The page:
Fair-Minded Investigation or Partisan Witch Hunt?

24 August 2018 National Review Publication

Special Counsel Robert Mueller’s proxy prosecutor in New York City has obtained a plea agreement with Michael Cohen on some pretty slimy personal-business issues, and in the process, obtained pleas to two federal campaign-finance-law violations . . . that, from my experience as an attorney in the field, do not appear to violate federal campaign-finance law. That aside, maybe this means that Mueller might step out of his snipe hunt of an investigation of Russian
“collusion” in 2016 to take an actual interest in whether there was compliance with federal campaign-finance law by both 2016 presidential campaigns, not just President Trump’s. If Mueller is actually concerned, as his designated prosecutor in the Cohen case apparently is, about compliance with the federal statutes setting limits on contributions and reporting of expenditures by campaigns, parties, and candidates, his interest is long overdue. There are several serious enforcement and prosecutorial undertakings awaiting his attention — none involving President Trump or his campaign.

Let’s start with the payments from the Hillary Clinton campaign and the Democratic National Committee (DNC) to Fusion GPS for the infamous dossier that triggered the entire Mueller investigation of “Russian collusion.” It is still not known how much the Democrats paid to Fusion GPS because that information has not been released, even though it was revealed almost a year ago that the source of payment was the Democrats. We should know the exact amount paid to Fusion GPS by the DNC and the Clinton campaign because all expenditures over $200 by parties and campaigns are required to be reported to the Federal Election Commission (FEC). However, the Democrats’ payments for the discredited dossier were falsely reported as “legal fees” paid to Perkins Coie, and not disclosed as to the actual vendor, amount, or purpose — as required by federal law. It is a federal offense to falsify an FEC report, which was obviously done in this case. Perhaps there is a conflict of interest for Mueller to investigate this matter, since it involves several of his own agents as potential witnesses, thus suggesting that the investigation of the Fusion GPS payments from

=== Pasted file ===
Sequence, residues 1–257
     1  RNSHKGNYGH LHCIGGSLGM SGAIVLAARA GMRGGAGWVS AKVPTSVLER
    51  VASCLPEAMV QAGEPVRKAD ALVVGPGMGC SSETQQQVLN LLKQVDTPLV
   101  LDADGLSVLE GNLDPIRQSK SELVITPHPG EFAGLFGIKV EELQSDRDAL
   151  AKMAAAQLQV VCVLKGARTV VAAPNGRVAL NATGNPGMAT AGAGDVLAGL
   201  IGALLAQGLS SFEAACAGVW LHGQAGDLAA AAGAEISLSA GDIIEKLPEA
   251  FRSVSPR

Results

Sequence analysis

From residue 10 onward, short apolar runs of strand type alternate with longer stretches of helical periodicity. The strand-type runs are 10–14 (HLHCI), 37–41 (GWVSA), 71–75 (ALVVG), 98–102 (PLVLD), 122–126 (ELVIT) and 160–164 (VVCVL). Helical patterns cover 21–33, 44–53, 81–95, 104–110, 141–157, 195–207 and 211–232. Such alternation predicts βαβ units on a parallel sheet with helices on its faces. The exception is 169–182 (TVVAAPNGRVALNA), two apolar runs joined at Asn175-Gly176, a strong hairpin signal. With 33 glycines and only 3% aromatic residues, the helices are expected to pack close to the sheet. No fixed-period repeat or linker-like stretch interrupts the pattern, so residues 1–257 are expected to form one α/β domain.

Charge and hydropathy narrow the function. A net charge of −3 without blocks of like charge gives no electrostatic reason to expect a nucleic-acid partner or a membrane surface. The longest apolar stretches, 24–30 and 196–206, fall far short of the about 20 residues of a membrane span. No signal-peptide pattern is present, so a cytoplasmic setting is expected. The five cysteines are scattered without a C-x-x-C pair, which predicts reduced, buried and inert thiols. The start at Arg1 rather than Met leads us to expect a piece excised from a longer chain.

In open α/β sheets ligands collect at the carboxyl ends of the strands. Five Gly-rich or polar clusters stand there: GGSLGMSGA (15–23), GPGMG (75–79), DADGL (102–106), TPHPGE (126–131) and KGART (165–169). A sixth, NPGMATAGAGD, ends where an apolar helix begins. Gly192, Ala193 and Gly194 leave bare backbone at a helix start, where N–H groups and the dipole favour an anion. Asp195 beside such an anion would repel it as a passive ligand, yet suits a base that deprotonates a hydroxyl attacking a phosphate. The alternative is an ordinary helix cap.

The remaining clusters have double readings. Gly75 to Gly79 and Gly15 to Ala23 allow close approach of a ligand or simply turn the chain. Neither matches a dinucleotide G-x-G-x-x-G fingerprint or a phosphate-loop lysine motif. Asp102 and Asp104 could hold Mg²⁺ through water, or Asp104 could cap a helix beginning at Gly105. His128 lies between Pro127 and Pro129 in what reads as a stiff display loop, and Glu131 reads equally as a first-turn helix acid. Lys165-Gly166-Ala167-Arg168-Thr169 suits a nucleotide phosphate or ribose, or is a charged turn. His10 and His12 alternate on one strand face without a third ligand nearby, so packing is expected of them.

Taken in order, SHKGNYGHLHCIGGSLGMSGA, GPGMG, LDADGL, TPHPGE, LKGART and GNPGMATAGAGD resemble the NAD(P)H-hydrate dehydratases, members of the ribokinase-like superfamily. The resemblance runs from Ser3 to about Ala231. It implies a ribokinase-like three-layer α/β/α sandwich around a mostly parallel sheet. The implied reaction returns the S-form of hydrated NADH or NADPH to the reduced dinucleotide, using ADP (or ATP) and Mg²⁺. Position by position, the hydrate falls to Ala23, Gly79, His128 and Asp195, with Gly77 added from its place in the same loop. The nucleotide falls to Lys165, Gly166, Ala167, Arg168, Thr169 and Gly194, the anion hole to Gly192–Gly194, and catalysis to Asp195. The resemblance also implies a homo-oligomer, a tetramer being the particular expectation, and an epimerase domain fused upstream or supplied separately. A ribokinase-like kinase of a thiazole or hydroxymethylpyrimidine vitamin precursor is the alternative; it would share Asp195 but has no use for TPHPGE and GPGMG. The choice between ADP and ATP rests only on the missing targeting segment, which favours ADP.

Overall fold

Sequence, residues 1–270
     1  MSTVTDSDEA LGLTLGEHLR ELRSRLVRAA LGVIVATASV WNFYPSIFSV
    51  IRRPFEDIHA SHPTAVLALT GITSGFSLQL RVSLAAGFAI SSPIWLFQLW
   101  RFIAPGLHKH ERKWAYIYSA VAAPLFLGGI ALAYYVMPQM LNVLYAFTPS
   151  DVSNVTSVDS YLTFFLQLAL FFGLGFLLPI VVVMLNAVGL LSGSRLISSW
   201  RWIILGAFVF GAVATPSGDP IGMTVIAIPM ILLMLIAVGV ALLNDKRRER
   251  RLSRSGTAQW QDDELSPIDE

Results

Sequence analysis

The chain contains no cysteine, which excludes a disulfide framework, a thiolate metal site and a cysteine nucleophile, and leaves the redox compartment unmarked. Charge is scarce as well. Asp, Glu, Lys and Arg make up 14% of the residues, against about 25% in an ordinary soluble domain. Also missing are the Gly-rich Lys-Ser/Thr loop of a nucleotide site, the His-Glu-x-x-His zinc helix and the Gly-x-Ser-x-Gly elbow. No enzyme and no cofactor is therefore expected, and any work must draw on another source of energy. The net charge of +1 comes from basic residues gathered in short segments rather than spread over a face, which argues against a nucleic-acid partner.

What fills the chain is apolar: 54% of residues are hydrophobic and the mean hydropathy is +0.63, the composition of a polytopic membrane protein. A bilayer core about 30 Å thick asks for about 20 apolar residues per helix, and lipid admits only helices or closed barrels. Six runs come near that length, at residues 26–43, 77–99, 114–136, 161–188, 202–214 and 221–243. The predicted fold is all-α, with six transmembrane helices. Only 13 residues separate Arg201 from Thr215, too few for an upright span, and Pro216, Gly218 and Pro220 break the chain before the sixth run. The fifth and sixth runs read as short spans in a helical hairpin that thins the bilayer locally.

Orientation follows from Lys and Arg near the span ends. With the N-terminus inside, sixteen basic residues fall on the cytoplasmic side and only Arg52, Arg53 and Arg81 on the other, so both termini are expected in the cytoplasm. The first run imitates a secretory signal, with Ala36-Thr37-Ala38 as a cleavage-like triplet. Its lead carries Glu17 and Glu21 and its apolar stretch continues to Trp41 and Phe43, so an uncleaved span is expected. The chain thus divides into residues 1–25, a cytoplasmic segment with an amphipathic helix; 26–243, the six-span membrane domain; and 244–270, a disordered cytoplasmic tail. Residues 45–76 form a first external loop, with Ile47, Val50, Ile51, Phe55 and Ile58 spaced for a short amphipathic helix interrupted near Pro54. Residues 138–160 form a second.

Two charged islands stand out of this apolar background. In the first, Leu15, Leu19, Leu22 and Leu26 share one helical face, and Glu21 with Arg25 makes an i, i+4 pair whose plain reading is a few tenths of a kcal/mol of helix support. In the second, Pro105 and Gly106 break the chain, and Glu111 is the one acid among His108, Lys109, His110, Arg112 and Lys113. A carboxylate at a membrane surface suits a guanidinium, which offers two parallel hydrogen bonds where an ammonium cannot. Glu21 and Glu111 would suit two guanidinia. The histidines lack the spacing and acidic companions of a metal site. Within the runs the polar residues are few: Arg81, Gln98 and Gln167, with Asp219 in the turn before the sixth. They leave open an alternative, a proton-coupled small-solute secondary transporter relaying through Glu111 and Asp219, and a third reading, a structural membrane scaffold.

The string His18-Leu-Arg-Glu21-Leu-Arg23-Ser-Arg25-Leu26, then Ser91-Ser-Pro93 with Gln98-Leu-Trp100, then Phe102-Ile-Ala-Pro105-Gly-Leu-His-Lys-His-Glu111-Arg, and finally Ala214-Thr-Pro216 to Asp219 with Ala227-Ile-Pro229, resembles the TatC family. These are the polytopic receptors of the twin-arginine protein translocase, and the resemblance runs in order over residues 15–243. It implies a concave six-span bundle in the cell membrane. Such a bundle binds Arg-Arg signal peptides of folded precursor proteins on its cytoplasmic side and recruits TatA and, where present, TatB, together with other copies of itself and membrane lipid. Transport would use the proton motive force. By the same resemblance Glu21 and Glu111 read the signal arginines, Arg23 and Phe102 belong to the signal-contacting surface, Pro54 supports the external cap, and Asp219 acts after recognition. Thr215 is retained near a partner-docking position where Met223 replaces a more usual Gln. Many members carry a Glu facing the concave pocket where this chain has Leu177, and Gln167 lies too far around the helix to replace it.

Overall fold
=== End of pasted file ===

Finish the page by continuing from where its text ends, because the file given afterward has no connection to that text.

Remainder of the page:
Perkins Coie should be referred to the U.S. Attorney for the District of Columbia, in the same manner that Mueller transferred the Cohen case to the U.S. Attorney for the Southern District of New York.

It is a federal crime to make false statements to a federal agent, and Mueller has charged at least two persons associated with President Trump with that crime: Michael Flynn and George Papadopoulos. Fusion GPS and its founder, Glenn Simpson, should also be investigated and charged with making false statements to the FBI and congressional investigators, both in their Clinton-paid research paper that was served up to the FISA Court and in Simpson’s meetings with Bruce Ohr and others. As someone on the receiving end of Glenn Simpson’s lies, I’ll be happy to assist in the investigation of Glenn Simpson when Mueller decides to pursue him in the same way he has pursued others.